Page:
• macro: for defining new abstractions that map to a combination of existing matterless definitions.
  • imports: for importing externally defined (addressed via URLs) matterless definitions into your application (often used to import macros).

In addition, defined macros can of course be instantiated.

Matterless APIs

Inside of function and job code (which in the future will be able to use multiple runtimes, but use Deno for now), you have access to a few Matterless APIs:

  • store: a simple key-value store with the following operations:
    • store.put(key, value) a specific value for a key.
    • store.get(key) to fetch the value for a specific key.
    • store.del(key) to delete a key from the database.
    • store.queryPrefix(prefix) to fetch all keys and their values prefixed with prefix.
  • events: to publish events and respond to them (in an RPC setup):
    • events.publish(eventName, eventData) to publish a custom event (that can be listened to via a event definition in your definition file).
    • events.respond(toEvent, eventData) to respond to a specific event (currently only used to respond to HTTP request events).
  • functions: invoke other functions by name (rarely needed, but supported)
    • functions.invoke(functionName, eventData) invoke function functionName with eventData.

But any arbitrary deno libraries can be imported as well.

Matterless 101

Here is "Hello world" in Matterless:

# function HelloWorld
function handle(event) {
    console.log("Hello world!");

Save this to hello.md and run it as follows:

$ mls run hello.md

This will do shockingly little, because nothing is invoking this function yet. However, Matterless comes with a simple console we can use to manually invoke this function (if you don't see the hello> prompt hit Enter first).

We can manually invoke our function with an empty event as follows:

hello> invoke HelloWorld {}

This will print something along the lines of:

INFO[0015] [App: hello | Function: HelloWorld] Starting deno function runtime. 
INFO[0016] [App: hello | Function: HelloWorld] Hello world! 


For the remainder of this README Matterless definitions will be inlined as Markdown, so they're easier to read.

Let's look at the function definition type and other support definition types more closely.

Matterless Definition Types

These are the definition types currently supported and how to use them.

function MyFunction

As of this writing, JavaScript is the primary supported language. More runtimes (based on docker) will be added in the future.

The JavaScript function that will be invoked needs to be called handle and take a single argument: event, which will receive event data (depending on how the function will be triggered) and may or may not return a result.

While technically in most cases a Deno process instance with your function code inside it will be reused (it's not relaunched for every invocation), you should assume a stateless environment. While technically you have full access to all Deno APIs, your function may be killed at any time along with all its in-memory and disk state. In fact, in the current implementation will indeed happen after a brief amount of time of inactivity.

A function definition may contain an optional configuration YAML block:

   name: Donald Knuth
runtime: deno

The values put into init (which usually would be an object, but it could be an YAML array as well) will be passed to the init JavaScript function upon cold start:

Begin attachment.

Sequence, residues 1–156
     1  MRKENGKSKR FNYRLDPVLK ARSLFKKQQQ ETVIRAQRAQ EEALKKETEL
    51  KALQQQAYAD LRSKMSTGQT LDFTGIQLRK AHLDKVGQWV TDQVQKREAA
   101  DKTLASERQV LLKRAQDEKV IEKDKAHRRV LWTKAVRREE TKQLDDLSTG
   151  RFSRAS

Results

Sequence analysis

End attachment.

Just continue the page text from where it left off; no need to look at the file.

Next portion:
function init(config) {
    console.log(`Hello there, I'm initing for ${config.name}`);

function handle(event) {
    console.log("I was just run with", event);

When first invoked, this will log something along the lines of:

INFO[0017] [App: README | Function: MyFunction] Hello there, I'm initing for Donald Knuth
INFO[0017] [App: README | Function: MyFunction] I was just run with {}

Subsequent invocations will skip the initialization.

job StarGazerPoll

Jobs are much like functions, except they boot up immediately upon the application start and keep running during the lifetime of the application. Like functions, jobs support an optional YAML configuration block:

   repo: zefhemel/matterless
   pollInterval: 60
   event: starschanged

Rather than implementing the handle JavaScript function, a job implements start and (optionally) stop.

In this example we're going to poll the Github API every 60 seconds to see if the number of stars on the matterless repository has changed and publishing a starschanged event when it does. Note that this example uses various core Matterless APIs: store and events to track state between runs. Theoretically a global variable could be used, but this value would be lost between restarts of the app:

import {store, events} from "./matterless.ts";

let config;

function init(cfg) {
    console.log("Inited with", cfg);
    config = cfg;

function start() {
    setInterval(async () => {
        // Pull old star count from the store (or set to 0 if no value)
        let oldStarCount = (await store.get("stars")) || 0;
        // Talk to Github API to fetch new value
        let result = await fetch(`https://api.github.com/repos/${config.repo}`);
        let json = await result.json();
        let newCount = json.stargazers_count;
        // It changed!
        if(newCount !== oldStarCount) {
            // Publish event
            await events.publish(config.event, {
                stars: newCount
            // Store new value in store
            await store.put("stars", newCount);
        } else {
            console.log("No change :-(");
    }, config.pollInterval * 1000);

function stop() {
    console.log("Shutting down stargazer poller");


Using events mappings we define which events should invoke which functions. Multiple functions can be invoked in response to a single event, therefore we specify them as a list: